The Labradoodle, quite possibly the most desired crossbreed there is. A very recent trend, these dogs first appeared around the 1950s, where there are records of Labradoodles in the United States. They became popularised in Australia towards the end of the 20th Century and have enjoyed raging success ever since.
The Labradoodle is a cross between the Labrador Retriever and Poodle (Standard, Toy or Mini), as such it is not a pedigree, nor is it recognised by The Kennel Club as a breed in itself. That said, there is a developing standard for this crossbreed.
Along with the Cockapoo, it is considered a “designer” dog owing to being favoured in popular culture and by celebrity trend-setters worldwide.
- Lively and happy dogs
- Love human company
- Trainable nature
- Good service dogs
- Need regular coat care
- Susceptibility to some health conditions
- Tendency to eat things they shouldn’t
- Require lots of exercise
The Labradoodle can make as successful a service dog as it can a family pet. It has proven adept as an assistance dog for the blind and as a therapy dog, owing to its high level of trainability. Although having a job to do puts its keen mind to use, the Labradoodle would be just as content fitting into family life. However, families should be active and present enough to be able to provide the dog with the high level of physical and mental exercise that it needs to stay fit and control its boundless energy levels. Those with young children should also be aware of the Labradoodle´s tendency to steal and eat inappropriate objects, so training “drop” commands, obedience and taking due care with what the dog can get access to, are all essential factors to consider when thinking of taking on a Labradoodle.
- Require daily exercise – minimum of one hour
- Need to be trained from a young age
- Care with small children – tend to chew inappropriate objects, and can knock little-ones over
Labradoodles can be a whirlwind, for many it’s a life-long trait! With careful training and regular exercise however, they can make wonderful family members, providing endless entertainment and affection.
Breed care advice
Most importantly, the Labradoodle needs an outlet for its raging energy levels. Ideally the dog needs plenty of space at home to run around in, it’s not a dog that can be kept in the house for hours a day on its own. At least daily walks should be provided to help the dog vent off some of its liveliness, and it will benefit hugely from regular training exercises, should they be agility or just ball games. It’s an intelligent type of dog and thrives having something to do. Just as with the Labrador Retriever, the breed is susceptible to joint problems such as dysplasia. Whilst the dog finishes growing it’s important not to overdo it with exercise, so sticking to regular gentle activity and obedience games is best, in order to keep him occupied without overloading growing limbs.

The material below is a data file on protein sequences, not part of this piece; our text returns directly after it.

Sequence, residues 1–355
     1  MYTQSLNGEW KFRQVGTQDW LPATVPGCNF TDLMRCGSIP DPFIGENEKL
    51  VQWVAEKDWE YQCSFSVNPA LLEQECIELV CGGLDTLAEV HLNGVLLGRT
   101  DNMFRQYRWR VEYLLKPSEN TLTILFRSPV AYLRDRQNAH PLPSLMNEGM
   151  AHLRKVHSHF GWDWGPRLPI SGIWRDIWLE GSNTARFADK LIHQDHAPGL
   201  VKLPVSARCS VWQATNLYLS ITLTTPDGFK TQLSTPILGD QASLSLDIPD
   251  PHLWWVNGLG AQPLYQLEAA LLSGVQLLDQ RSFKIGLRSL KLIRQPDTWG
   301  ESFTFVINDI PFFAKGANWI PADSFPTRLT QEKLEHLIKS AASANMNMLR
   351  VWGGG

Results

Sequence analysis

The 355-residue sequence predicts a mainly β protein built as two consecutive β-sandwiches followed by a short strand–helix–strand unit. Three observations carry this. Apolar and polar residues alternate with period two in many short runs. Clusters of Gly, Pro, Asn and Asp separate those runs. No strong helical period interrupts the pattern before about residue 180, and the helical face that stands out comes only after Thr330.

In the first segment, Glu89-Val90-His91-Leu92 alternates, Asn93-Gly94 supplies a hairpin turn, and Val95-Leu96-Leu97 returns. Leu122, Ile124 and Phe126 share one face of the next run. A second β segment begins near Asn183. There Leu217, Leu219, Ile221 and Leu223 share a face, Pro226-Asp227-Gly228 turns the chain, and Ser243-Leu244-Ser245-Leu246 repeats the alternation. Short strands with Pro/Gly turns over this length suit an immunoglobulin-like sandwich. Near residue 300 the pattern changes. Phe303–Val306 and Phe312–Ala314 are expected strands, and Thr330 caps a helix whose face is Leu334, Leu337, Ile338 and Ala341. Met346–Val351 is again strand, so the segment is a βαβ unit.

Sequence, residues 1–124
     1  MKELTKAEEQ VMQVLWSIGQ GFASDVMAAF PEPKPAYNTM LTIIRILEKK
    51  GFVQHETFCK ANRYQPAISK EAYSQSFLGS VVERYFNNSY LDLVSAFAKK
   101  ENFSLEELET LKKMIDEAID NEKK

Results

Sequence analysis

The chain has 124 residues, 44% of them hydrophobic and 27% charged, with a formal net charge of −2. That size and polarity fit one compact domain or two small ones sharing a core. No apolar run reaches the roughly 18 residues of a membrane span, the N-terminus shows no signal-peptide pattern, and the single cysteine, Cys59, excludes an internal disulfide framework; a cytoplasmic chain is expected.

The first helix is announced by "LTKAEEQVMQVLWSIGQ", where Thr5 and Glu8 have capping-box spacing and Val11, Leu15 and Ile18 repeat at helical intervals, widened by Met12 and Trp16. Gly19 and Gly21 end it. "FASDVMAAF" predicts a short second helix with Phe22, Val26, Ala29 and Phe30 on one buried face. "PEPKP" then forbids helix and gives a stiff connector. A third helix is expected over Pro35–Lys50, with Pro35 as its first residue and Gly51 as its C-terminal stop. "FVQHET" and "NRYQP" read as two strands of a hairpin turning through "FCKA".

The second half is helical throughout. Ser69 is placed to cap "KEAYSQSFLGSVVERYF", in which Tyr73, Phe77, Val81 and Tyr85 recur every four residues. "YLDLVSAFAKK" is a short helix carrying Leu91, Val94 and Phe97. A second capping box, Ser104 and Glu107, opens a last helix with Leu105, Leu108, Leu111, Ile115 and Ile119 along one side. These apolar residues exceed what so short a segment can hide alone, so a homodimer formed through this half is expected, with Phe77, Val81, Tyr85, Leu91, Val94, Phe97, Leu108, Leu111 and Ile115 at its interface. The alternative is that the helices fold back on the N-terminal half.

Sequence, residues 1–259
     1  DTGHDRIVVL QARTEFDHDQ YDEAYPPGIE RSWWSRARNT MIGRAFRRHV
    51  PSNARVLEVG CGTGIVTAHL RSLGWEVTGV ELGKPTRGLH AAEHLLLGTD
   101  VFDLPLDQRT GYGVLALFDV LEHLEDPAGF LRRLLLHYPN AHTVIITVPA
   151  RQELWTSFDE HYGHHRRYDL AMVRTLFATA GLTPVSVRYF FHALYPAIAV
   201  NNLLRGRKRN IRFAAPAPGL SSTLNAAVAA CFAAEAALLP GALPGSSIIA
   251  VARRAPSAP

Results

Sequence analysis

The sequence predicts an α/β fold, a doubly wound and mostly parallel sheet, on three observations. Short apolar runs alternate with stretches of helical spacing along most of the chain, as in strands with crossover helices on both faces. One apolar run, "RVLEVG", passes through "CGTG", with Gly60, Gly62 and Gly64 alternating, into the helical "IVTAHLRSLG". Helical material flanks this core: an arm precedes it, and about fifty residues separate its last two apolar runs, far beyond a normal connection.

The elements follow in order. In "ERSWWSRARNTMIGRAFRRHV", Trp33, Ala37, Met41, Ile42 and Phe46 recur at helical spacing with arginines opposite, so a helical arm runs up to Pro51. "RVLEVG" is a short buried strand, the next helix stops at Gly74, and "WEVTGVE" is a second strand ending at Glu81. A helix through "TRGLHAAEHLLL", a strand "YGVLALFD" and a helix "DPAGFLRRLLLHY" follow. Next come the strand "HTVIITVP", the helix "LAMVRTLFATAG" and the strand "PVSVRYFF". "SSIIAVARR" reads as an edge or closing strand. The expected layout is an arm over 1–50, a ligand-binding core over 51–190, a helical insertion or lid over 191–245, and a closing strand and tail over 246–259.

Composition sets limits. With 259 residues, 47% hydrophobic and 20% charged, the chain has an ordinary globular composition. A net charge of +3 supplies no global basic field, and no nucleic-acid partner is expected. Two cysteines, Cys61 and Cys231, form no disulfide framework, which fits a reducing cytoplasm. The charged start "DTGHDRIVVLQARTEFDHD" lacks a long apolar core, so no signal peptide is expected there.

The coat doesn´t tend to shed much, although this does depend on the individual. However, it can be prone to getting matted, so brushing a couple of times per week is the minimum; it’s a good idea to consider trimming to help keep on top of the coat length, keep him looking tidy and prevent fur from matting up around delicate areas.
Known health problems
Although there haven’t been many studies looking into the Labradoodle uniquely, it has been shown to be at risk of certain conditions – including those suffered by its parent breeds. Labradoodles should be evaluated for hip dysplasia using the BVA/KC Hip Dysplasia Scheme before considering breeding and to help evaluate the prevalence of this disorder among individuals. Equally elbow dysplasia has been recognised; both hip and elbow dysplasia involve abnormal joint changes and can cause painful lameness in affected dogs. Given the heritable component among Labrador Retrievers, avoiding breeding from affected Labradoodles is a logical recommendation. Owing to the potential for these joint problems, careful weight management is prudent to avoid Labradoodles becoming overweight and putting undue stress on their frame.
Screening for eye conditions should also be considered before breeding from Labradoodles. Both the Poodle and Labrador Retriever are breeds with known inherited eye diseases and are also under investigation for additional eye conditions which we suspect are hereditary. Such problems include hereditary cataracts (HC) – where lens opacification can lead to blindness – and multifocal retinal dysplasia (MRD) – where vision can be variably impaired due to the abnormal structure of the retina. Both conditions have been found in a significant population of Labradoodles.
- Hip and elbow dysplasia
- Eye problems – HC and MRD
- Addisons (Hypoadrenocorticism) – destruction of the adrenal gland leads to hormone and electrolyte abnormalities, on-and-off gastrointestinal signs and collapse. It is a medical emergency that requires life-long treatment. It’s also recognised in the Standard Poodle.
- Australian Labradoodle Dystrophinopathy – rare neurological condition found to be genetically linked in some Australian Labradoodles. It causes rapidly progressive abnormalities in heart and skeletal muscle, leading to signs such as change in gait, weakness, problems eating, arrhythmias and collapse.
Lead author: Yvette Bell MRCVS